Applied AI & AI in business /

Creating Gordon RamsAI, a robot Ramsay ready to roast the world

April 5 2021/4 min read

Gordon Ramsay is a world-famous chef, renowned as much for his brutal roasts as for his brilliant cooking. Every day, hundreds of people reach out to Gordon on social media, begging him to review their food. But only very few are lucky enough to get a response. After all, he’s only human. Until now. We’ve combined an image-recognition AI with a language AI trained on Gordon Ramsay’s dialogue to create Gordon RamsAI, a robot Ramsay ready to roast the whole world. You’re welcome, chefs...sort of.

Disclaimer: This is a guest blog post. The information and views presented in this blog are those of the author(s). The Gordon RamsAI app-generated texts do not reflect the views or values of Peltarion.

02/ The dataset

We collected images and relied on the folder structure to categorize everything. After starting with Kaggle’s Food 101 we found the number of categories wasn’t covering everything we needed. We followed up with a lot of grunt work pulling various food images and expanding by another 10GB of images.

03/ Building the model

We used the Peltarion platform to build the model specifically because of the built-in patterns we could use to get started. None of us had much experience building models so using the wizard to narrow down options was an incredible benefit.

After a number of tests, we ended up using the data formatting to crop and resized everything to 128x128 and trained on DenseNet. Some of this was arbitrary (we don’t honestly know whether one of the other methods would have been better). The image size was a product of running several tests and either hitting a wall with training time (images too big) or getting inconsistent results when images were too small. 128x128 seemed to be a good middle-ground for speed + results.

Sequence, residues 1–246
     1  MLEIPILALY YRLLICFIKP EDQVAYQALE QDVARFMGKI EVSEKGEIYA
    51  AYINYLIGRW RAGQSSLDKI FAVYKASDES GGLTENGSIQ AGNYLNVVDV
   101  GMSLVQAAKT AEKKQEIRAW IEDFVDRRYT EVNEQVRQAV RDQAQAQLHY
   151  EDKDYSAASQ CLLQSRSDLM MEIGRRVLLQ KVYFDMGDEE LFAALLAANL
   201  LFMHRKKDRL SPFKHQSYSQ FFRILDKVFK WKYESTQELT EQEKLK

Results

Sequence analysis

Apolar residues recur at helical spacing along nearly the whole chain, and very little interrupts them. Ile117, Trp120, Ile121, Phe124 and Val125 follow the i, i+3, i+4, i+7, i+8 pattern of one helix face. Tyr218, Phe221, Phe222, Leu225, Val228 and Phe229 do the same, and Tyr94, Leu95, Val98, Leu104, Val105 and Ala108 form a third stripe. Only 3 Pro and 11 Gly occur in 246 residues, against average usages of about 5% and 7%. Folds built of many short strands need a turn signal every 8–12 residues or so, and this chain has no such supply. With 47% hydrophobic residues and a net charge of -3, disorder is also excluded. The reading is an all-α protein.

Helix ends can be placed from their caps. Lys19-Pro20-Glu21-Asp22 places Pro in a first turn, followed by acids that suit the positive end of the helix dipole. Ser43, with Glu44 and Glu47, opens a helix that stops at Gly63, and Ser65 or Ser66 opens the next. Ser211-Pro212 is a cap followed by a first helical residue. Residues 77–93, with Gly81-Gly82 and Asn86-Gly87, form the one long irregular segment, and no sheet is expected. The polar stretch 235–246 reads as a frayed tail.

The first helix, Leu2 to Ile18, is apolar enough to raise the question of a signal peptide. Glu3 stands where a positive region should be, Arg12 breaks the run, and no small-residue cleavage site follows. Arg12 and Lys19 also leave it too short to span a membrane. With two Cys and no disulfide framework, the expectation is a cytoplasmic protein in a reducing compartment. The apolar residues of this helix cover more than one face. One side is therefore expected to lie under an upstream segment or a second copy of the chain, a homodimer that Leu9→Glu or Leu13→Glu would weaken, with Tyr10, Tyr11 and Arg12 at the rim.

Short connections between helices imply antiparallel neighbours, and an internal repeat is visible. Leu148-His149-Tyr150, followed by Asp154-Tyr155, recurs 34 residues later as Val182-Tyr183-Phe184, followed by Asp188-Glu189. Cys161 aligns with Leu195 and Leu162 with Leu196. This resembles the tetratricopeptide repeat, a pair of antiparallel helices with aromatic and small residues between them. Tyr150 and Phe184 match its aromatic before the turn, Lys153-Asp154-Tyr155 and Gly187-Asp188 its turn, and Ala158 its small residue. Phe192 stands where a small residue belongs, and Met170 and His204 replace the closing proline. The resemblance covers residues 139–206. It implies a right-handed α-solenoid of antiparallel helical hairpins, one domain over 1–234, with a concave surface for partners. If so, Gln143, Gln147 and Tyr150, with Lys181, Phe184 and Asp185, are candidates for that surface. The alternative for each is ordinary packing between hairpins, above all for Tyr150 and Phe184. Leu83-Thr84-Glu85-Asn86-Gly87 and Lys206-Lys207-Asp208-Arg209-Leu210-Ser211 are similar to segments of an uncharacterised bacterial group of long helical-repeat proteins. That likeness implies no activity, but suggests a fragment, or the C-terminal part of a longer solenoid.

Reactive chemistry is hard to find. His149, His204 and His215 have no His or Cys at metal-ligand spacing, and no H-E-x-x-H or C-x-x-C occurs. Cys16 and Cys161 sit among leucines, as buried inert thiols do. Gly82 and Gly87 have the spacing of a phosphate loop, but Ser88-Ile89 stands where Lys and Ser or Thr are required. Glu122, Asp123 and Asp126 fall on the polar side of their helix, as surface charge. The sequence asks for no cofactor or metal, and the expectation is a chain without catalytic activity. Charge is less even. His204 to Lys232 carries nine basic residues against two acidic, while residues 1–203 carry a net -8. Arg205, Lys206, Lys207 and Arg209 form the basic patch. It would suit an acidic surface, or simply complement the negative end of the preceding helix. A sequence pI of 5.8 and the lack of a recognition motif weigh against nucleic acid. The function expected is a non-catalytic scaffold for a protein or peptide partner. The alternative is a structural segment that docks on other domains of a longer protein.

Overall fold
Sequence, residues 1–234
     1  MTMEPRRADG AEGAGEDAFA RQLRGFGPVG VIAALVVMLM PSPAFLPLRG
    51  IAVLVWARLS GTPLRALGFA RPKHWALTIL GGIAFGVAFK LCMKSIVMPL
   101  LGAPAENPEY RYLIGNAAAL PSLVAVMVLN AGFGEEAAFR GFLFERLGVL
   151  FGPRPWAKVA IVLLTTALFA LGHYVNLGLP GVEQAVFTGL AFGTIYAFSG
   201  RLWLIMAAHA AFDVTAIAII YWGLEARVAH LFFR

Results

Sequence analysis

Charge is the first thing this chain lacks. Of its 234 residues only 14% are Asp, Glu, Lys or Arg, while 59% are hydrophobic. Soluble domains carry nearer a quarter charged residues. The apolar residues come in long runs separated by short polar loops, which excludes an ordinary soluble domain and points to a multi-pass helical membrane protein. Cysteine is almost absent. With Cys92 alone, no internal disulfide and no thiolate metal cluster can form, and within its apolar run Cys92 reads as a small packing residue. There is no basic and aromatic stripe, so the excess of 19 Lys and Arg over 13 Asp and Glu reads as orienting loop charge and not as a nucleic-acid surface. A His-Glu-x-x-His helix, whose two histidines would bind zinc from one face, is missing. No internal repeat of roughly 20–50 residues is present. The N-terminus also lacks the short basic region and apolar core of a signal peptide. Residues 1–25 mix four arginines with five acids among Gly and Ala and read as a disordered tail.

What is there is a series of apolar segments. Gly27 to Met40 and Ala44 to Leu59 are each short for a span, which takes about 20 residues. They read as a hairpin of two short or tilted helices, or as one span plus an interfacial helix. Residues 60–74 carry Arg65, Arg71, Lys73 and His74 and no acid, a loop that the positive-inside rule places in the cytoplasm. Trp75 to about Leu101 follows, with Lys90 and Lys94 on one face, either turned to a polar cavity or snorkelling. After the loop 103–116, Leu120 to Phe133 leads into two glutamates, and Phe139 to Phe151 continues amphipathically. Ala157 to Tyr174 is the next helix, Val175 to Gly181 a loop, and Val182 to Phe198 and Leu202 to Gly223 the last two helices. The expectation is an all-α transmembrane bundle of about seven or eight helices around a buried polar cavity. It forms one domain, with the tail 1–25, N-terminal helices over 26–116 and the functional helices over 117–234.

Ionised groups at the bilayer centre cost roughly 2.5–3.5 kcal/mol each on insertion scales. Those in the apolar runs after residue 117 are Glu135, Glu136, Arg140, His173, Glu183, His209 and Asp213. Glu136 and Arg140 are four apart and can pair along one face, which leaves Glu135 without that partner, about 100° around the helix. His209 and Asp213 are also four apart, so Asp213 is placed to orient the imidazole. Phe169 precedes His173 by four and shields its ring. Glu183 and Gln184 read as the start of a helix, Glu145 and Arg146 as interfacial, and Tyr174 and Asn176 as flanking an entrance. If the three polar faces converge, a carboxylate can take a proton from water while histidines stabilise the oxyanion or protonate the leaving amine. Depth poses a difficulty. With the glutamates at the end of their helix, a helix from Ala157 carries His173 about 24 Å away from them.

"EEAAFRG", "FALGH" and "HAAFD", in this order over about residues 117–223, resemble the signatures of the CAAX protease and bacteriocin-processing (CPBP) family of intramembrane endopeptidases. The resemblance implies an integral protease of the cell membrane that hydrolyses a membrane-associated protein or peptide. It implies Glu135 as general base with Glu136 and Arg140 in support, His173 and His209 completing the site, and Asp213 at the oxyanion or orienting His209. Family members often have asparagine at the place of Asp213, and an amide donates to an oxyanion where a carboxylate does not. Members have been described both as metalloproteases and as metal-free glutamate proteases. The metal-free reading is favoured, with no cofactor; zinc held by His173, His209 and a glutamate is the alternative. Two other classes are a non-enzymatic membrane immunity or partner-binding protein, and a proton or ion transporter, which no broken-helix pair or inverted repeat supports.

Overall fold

04/ Model performance

This being a more entertainment-focused product, we feel like the model did well. In the wild, we expect a lot of intentionally bad food photography so don’t mind that the model gets confused on those. (In fact, it’s somewhat humorous when the model misidentifies something since the point of the tool is to provide scathing critiques)

In our testing of the images we would expect the model to understand, it performs very well. It was very useful to have the Evaluation charts when doing the training and the lowest results performed the best (as we hoped).

The Evaluation charts when training the model. As hoped, the lowest results performed the best.

05/ Deployment

We used a combination of tools to deploy the model. The public-facing elements were built using Bubble which handles image upload and conversion to base64 before sending to Peltarion’s hosted endpoint. The text was pre-generated using gpt2 separately and placed in a random lookup table then manually combined at runtime to have a comment about the returned food type + general critique.

06/ Final thoughs

None of this team had ever done machine learning (although we’re all fans of the space and try to read about it). Peltarion was an incredible boost in helping us understand the actual real-world requirements for gathering data, what constitutes successful training, and allowing us to easily use that model in an API.

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